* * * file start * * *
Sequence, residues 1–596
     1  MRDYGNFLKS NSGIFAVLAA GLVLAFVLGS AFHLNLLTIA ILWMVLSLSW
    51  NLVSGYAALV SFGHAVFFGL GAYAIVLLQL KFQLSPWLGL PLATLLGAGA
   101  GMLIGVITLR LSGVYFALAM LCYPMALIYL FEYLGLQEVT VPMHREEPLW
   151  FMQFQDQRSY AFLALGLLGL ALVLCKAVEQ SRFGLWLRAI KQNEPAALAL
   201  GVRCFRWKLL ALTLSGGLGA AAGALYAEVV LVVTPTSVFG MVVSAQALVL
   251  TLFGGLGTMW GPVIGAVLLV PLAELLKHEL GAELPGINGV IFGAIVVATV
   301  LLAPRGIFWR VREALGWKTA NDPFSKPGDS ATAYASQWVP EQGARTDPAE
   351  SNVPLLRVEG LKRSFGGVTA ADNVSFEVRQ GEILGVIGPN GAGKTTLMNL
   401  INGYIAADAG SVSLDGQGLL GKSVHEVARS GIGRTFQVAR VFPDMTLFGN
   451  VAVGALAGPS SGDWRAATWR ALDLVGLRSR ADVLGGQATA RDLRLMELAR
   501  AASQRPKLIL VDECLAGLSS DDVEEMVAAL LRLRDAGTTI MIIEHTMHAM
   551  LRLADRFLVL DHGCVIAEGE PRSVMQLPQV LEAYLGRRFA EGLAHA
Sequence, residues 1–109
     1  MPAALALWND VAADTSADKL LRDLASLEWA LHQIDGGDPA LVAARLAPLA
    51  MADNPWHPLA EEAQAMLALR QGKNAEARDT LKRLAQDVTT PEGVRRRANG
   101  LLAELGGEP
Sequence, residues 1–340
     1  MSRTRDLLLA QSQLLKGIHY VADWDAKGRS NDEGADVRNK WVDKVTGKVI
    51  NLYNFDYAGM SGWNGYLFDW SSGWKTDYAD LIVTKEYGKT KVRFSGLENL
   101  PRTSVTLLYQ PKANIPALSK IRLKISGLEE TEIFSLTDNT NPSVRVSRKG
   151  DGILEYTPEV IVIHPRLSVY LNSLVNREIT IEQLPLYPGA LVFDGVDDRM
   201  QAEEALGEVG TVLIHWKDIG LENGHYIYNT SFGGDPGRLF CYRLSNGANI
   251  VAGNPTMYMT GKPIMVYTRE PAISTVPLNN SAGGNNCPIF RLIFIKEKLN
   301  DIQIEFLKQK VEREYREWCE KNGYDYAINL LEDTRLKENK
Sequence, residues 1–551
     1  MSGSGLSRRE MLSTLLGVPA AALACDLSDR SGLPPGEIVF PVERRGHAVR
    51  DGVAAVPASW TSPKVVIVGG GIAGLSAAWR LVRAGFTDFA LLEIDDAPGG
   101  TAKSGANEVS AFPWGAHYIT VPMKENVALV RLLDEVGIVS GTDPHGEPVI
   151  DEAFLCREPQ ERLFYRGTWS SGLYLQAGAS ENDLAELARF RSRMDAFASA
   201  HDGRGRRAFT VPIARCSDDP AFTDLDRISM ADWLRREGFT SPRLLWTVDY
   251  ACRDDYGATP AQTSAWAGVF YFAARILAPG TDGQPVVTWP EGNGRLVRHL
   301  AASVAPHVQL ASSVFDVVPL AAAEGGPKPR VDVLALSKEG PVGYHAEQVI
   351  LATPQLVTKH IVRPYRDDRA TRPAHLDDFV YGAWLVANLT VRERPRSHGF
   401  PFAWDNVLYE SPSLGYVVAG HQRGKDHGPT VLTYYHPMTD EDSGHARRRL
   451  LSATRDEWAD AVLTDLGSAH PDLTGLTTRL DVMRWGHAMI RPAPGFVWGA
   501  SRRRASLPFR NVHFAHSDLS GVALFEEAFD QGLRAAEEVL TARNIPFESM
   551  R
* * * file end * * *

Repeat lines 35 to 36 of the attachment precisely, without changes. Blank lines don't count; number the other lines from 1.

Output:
   401  PFAWDNVLYE SPSLGYVVAG HQRGKDHGPT VLTYYHPMTD EDSGHARRRL
   451  LSATRDEWAD AVLTDLGSAH PDLTGLTTRL DVMRWGHAMI RPAPGFVWGA